Researchers have identified a “Happiness Gene” responsible for a persistent elevation in a patient’s baseline level of happiness over time, regardless of life circumstances. The gene slows the reuptake of serotonin much the same way some antidepressant drugs do.
In the paper Genes, Economics and Happiness, Jan-Emmanuel De Neve of Harvard Business School reported that the long allele of the 5HTT serotonin transporter gene increases baseline life satisfaction by 8.5 percent. Having two copies of the allele increase baseline happiness by 17.3 percent.
Working with Bruno Frey of the University of Zurich and James Fowler from UC San Diego, De Neve reports that twin studies have illustrated a genetic role in the variance of baseline happiness between different individuals. That is, identical twins with very different life experiences reported more similar levels of life satisfaction than unrelated individuals with similar life experiences.
The study explains why some people are relatively happy despite major life problems such as poverty, unemployment or divorce, while others report much lower levels of happiness and even depression when encountering minor setbacks.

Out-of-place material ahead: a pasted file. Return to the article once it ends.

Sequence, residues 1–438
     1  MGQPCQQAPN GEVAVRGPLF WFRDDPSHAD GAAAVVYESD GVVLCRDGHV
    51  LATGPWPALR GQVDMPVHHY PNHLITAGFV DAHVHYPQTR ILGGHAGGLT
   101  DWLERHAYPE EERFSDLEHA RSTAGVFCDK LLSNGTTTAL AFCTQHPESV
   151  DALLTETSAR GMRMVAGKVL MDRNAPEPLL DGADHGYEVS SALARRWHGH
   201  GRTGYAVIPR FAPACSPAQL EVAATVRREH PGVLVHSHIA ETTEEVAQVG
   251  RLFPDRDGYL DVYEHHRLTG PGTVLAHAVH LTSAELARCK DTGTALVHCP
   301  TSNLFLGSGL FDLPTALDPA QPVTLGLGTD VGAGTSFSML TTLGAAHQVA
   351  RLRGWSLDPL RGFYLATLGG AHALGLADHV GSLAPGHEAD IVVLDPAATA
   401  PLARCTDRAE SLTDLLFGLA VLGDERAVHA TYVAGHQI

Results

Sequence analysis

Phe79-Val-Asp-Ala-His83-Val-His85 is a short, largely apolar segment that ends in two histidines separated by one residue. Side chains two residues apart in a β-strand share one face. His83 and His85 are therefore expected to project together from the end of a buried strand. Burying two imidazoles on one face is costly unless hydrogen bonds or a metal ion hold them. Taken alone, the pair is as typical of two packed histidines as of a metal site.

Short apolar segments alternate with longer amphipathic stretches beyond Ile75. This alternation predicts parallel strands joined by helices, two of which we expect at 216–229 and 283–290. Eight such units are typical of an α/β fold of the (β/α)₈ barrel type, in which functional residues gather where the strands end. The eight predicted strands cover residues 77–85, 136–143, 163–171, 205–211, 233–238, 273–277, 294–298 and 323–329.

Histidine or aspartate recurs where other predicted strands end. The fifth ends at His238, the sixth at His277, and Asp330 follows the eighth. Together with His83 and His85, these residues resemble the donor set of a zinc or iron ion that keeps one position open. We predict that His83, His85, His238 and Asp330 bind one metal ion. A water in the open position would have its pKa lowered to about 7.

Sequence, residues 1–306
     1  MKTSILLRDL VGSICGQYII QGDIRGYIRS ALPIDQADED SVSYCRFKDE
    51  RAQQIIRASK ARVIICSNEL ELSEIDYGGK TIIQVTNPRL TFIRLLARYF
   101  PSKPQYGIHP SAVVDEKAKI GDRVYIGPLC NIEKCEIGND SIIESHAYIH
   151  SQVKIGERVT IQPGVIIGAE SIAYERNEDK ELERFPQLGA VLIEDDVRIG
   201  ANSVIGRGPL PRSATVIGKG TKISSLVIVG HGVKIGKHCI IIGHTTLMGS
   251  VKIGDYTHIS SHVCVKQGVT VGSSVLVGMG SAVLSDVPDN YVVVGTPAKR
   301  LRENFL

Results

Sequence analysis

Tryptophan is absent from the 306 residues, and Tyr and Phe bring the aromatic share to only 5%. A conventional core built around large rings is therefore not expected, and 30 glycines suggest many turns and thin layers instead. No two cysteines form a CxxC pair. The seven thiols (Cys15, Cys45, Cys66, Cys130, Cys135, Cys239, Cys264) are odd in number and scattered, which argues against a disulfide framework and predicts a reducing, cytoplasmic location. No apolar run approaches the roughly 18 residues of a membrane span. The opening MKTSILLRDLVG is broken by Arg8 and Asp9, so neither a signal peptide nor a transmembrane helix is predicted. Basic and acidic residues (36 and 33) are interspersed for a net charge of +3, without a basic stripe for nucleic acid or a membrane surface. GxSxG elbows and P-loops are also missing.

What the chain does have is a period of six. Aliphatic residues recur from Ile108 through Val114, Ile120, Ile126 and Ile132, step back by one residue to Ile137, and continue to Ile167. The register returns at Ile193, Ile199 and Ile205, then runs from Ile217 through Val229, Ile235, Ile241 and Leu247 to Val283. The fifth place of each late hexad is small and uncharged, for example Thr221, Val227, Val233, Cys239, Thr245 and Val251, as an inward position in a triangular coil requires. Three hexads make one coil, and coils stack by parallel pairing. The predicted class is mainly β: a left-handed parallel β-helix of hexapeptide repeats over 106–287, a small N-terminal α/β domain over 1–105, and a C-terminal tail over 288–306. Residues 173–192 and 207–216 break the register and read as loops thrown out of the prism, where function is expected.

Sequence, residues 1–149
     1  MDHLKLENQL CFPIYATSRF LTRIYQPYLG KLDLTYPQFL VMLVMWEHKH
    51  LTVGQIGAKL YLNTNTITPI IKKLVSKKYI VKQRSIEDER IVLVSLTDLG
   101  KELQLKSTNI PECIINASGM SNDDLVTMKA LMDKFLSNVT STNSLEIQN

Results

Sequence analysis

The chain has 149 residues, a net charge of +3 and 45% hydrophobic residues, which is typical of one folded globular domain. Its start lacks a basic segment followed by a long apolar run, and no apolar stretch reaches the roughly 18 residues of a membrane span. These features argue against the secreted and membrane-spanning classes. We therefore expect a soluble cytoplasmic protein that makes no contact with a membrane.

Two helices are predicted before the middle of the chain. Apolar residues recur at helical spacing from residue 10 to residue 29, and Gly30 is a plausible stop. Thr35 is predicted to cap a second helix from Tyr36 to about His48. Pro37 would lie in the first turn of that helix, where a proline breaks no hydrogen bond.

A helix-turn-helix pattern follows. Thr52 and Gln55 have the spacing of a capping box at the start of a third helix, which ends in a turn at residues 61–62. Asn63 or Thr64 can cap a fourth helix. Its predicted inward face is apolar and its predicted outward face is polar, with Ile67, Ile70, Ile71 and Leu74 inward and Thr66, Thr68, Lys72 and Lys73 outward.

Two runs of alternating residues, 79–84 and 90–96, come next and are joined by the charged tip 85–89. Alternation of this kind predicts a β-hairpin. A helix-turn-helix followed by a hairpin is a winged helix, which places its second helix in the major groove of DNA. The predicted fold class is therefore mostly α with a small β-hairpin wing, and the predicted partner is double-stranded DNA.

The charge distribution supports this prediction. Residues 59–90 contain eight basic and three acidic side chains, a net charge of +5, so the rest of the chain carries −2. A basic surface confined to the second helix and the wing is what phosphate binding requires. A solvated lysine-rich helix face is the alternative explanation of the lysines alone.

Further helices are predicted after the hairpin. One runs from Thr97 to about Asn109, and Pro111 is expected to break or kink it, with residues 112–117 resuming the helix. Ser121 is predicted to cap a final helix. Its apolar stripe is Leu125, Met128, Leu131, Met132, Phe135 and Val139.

The baseline level of happiness or life satisfaction for an individual was fairly consistent over time, with only slight variations based on different life experiences. De Neve and his colleagues theorize that a certain variation of the gene causes the brain to more effectively transport the feel-good neurotransmitter serotonin, resulting in greater subjective feelings of happiness and satisfaction, despite the circumstances.
The 5HTT serotonin transporter gene helps control the reuptake of serotonin in the brain. Apparently, the longer allele slows reuptake, resulting in the patient feeling happier longer, much in the same way an antidepressant regulates mood.
Shorter, less efficient alleles of the 5HTT gene have previously been implicated in studies of depression, binge drinking, suicide, autism and panic disorders. In particular, the gene seems to be implicated in the prevalence of major depression after a setback or negative life event. Serotonin influences a number of psychosocial factors including mood, aggression, anxiety, sleep and emotion. In some studies, patients with insufficient serotonin had suicidal thoughts.
De Neve is a doctorial candidate at the London School of Economics who has worked as a research associate at the United Nations and the European Commission. His previous work included a paper in the Economic Journal that suggesting that the MAOA gene may predict credit card debt.
By Joni Holderman, email@example.com, contributing reporter for Mental Health News.